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Mindspace, Inc. v. Young

United States District Court, D. Arizona

December 31, 2014

Mindspace, Inc., Plaintiff,
Todd Young, et al., Defendants.


JOHN W. SEDWICK, Senior District Judge.


At docket 4, plaintiff Mindspace, Inc. ("Mindspace") moved for a preliminary injunction requiring certain actions and prohibiting other actions by defendants Todd Young ("Young"); Jason Edwards ("Edwards"); Fiero Agency, Inc.; and Fiero LLC (collectively "Fiero"). Defendants filed a response at docket 18, to which Mindspace replied at docket at docket 29. Following discovery relating to the request for an injunction, the court permitted the parties to file supplemental briefing. Mindspace's supplement was filed at docket 68, and defendants' supplement was filed at docket 78. The parties advised the court that an evidentiary hearing was not necessary, but requested oral argument. Argument was heard on December 17, 2014.


Mindspace is a "gamification" consultancy which solicits clients for whom it can provide marketing advice and programs based on the use of games. The premise upon which Mindspace's business rests is that when a business engages customers and prospective customers in game-like relationships it improves the business' communications with and strengthens its' ties to those customers and prospective customers. Airline frequent flyer programs are an example of gamification programs.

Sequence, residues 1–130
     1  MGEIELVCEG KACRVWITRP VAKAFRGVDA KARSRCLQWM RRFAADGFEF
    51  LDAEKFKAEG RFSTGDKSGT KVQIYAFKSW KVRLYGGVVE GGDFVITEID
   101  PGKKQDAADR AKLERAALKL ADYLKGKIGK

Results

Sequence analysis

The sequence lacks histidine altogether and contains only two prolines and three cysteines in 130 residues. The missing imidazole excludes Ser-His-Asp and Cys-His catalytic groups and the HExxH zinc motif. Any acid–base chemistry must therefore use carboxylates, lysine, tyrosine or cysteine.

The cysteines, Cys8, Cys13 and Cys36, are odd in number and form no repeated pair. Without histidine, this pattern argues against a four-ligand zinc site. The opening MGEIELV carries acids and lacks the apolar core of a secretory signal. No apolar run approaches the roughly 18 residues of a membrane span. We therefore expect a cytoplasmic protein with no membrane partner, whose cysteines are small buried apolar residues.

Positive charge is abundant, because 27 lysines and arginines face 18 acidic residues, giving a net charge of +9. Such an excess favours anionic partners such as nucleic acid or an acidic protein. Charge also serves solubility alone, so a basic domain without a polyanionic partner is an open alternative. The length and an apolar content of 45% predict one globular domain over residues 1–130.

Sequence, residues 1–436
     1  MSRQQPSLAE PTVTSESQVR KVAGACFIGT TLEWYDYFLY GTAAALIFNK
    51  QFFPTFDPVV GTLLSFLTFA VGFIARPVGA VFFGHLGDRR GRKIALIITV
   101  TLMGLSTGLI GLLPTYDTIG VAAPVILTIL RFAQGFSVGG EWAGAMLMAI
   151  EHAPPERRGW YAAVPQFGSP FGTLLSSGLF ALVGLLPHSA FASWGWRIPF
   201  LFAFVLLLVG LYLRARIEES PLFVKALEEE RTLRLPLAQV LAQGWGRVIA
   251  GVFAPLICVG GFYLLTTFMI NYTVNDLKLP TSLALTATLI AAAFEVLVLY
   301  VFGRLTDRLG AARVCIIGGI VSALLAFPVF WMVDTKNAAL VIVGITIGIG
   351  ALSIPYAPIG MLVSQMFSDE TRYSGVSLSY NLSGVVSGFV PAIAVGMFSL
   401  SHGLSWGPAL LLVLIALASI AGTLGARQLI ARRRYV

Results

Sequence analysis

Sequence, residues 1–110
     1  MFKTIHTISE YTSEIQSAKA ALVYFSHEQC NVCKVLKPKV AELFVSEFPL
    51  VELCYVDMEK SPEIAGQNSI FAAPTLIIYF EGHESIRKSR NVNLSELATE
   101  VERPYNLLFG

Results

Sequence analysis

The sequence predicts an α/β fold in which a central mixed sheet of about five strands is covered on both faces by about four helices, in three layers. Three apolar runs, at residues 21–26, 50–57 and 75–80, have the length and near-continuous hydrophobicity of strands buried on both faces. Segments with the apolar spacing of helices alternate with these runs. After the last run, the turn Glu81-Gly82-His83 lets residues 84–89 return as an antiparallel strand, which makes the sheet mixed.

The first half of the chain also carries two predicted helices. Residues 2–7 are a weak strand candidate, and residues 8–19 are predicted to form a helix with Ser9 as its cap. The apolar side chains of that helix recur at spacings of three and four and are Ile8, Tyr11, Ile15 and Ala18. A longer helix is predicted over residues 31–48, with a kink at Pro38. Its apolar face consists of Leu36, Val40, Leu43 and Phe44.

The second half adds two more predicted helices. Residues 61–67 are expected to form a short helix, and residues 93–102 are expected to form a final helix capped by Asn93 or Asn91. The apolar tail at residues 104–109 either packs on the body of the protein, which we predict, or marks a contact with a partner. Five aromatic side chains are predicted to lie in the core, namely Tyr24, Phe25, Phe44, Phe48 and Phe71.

Mindspace is an Arizona corporation which has been operating since 2002. It is owned by its president and chief operating officer Brent Shetler. Securing gamification clients sometimes requires extensive efforts by Mindspace employees in identifying likely clients, introducing those prospects to the gamification concept as it could be applied to their businesses, and then selling Mindspace's services. This effort may make use of case studies developed by Mindspace, and other materials which Mindspace considers to be proprietary information and trade secrets. The company has been successful: Among Mindspace's clients are major businesses such as Time Warner, Hyatt, Paramount, and Coca-Cola.

Mindspace hired Young-who had considerable experience in selling digital advertising-to be its director of business development on April 28, 2011. In that position Young played a major role in obtaining new clients for Mindspace. Edwards was recruited to work at Mindspace by Young. Edwards was employed by Mindspace on November 2, 2012, to be Mindspace's technical director, a position which called for him to develop web-based products for use by Mindspace's clients. Young and Edwards each signed a Proprietary Rights Agreement ("PRA") prepared by Mindspace, which purports to set out numerous protections for Mindspace's business interests. The two PRAs are substantively identical.[1]

Mindspace terminated Edwards' employment on October 2, 2013. There was some dispute about how much money Mindspace might owe Edwards. This was eventually resolved, and as part of the resolution Edwards signed a separation agreement ("SA"), which purports to limit future actions by Edwards and provide additional protection for Mindspace's interests. Young resigned from Mindspace on January 28, 2014. Young and Mindspace did not execute a separation agreement.

Fiero is a gamification consultancy which competes with Mindspace. Fiero is owned by Young and Edwards. Mindspace accuses defendants of wrongfully using its proprietary information and trade secrets to advance Fiero's business.